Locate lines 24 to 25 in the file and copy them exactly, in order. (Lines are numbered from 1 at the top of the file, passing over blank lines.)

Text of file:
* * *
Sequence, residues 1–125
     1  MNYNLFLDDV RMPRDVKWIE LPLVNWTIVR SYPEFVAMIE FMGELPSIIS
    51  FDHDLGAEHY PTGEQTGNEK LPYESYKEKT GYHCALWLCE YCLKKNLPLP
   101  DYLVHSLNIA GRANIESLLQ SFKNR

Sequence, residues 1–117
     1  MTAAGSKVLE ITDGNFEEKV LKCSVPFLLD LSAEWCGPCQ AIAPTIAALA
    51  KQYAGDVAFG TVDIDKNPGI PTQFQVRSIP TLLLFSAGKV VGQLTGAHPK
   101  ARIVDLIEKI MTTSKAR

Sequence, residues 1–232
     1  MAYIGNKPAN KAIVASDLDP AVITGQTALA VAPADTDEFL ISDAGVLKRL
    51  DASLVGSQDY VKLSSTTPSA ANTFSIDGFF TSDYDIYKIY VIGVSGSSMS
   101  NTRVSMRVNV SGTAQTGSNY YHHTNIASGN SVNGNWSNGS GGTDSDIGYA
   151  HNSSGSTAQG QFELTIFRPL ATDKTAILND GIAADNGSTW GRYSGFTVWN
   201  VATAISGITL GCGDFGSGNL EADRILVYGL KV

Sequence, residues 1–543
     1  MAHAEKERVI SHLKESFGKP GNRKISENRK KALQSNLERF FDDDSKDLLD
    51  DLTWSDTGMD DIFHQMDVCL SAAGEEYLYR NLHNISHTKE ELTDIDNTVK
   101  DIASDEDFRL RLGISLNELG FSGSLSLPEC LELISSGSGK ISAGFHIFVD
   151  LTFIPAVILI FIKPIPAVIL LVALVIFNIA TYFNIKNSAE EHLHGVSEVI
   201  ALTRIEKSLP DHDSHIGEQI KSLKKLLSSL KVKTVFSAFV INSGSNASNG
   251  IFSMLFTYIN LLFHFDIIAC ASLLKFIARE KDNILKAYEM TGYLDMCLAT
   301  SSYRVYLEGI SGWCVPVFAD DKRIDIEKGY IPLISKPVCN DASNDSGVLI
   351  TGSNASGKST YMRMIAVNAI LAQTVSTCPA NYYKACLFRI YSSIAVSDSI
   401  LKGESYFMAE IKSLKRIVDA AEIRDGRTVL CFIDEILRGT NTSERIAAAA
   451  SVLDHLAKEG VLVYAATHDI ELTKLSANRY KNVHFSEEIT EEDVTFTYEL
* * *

   401  LKGESYFMAE IKSLKRIVDA AEIRDGRTVL CFIDEILRGT NTSERIAAAA
   451  SVLDHLAKEG VLVYAATHDI ELTKLSANRY KNVHFSEEIT EEDVTFTYEL